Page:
product-box-fabricator

For more information on FabRICATOR please visit the following pages:

The full text paper is available online:

The Digested Guide to ASMS 2019

Many of Genovis’ customers have submitted abstracts for ASMS 2019 in Atlanta, in which the SmartEnzymes have been used. Below is a digested guide to these abstracts so that you can plan your days at ASMS.

To read the full poster abstracts, visit the Online Planner for ASMS, and paste the abstract titel in the search field.

 

Sunday, June 2

New Enzymatic Workflows for Analysis of O-Glycosylated Biopharmaceuticals

Andreas Nägeli

Thermo Fisher Scientific User Meeting

Pharma/BioPharma Breakout Session 9:30 AM – 12.15 PM

Marquis Ballroom C

Thermo-user-meeting-blog

Monday, June 3

Improved middle-down characterization of antibodies using multiple ion activation techniques and Proton Transfer Reaction on a modified Orbitrap mass spectrometer 

Romain Huguet

MP 676, Poster Session 10.30 AM – 2.30 PM

FabRICATOR® and GingisKHAN®

 

Direct Determination of Antibody Chain Pairing by Top-Down Mass Spectrometry using Electron Capture Dissociation and Ultraviolet Photodissociation 

Jared Shaw

Room B302-305, Oral Presentation 3.50 PM – 4.10 PM

FabRICATOR® and GingisKHAN®

 

Unraveling a complex immunoprotein profile in multiple myeloma with middle-down de novo sequencing and native mass spectrometry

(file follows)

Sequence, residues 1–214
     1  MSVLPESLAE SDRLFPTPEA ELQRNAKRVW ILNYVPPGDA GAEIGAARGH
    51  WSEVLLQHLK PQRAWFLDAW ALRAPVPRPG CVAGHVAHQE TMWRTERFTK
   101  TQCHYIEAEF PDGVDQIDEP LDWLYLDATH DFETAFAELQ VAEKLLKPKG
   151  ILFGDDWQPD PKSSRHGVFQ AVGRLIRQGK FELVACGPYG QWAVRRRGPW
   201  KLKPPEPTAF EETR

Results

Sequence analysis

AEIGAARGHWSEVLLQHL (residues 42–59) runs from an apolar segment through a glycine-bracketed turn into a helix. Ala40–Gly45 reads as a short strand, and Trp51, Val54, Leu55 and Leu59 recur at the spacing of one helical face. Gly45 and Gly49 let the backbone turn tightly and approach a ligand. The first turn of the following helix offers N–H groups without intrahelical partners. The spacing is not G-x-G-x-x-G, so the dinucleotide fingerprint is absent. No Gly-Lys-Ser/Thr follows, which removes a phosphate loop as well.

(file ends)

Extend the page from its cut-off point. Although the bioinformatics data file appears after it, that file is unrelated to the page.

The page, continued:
Valerie J Winton

Room A411-412, Oral Presentation 9.30 AM – 9.50 AM

FabRICATOR®

 

Middle Down Approach for the Characterization of Monoclonal Antibodies After Ides Digestion and ETD Fragmentation

Colin Wynne

MP 782, Poster Session 10.30 AM – 2.30 PM

FabRICATOR®

 

Tuesday, June 4

Analysis of Zika Viral Polyprotein N- and O-glycosylation Using a Novel Lectin-chemoenzymatic Enrichment 

Shuang Yang

TP 655, Poster Session 10.30 AM – 2.30 PM

OpeRATOR® and GlycOCATCH™

 

Comprehensive Characterization of Antibody Drug Conjugates Enabled by Top-down and Middle-down Mass Spectrometry Strategies

Eli J Larson

TP 601, Poster Session 10.30 AM – 2.30 PM

GlycINATOR®FabRICATOR® and GingisKHAN®

 

Wednesday, June 5

Analysis of O-glycosylated Biopharmaceuticals using an O-glycan dependent Endoprotease and LC-MS

Andreas Nägeli

WP 334, Poster Session 10.30 AM – 2.30 PM

OpeRATOR® and OglyZOR®

 

MALDI-in-source decay FT-ICR MS for top-down and middle-down characterization of monoclonal antibodies 

Simone Nicolardi

WP 032, Poster Session 10.30 AM – 2.30 PM

FabRICATOR® and GingisKHAN®

 

Application of a label-free and domain-specific free thiol method in monoclonal antibody characterization

Yi Pu

WP 040, Poster Session 10.30 AM – 2.30 PM

FabALACTICA® and FabRICATOR®

 

Collision induced unfolding experiments to decipher the structural regions of a hybrid monoclonal antibody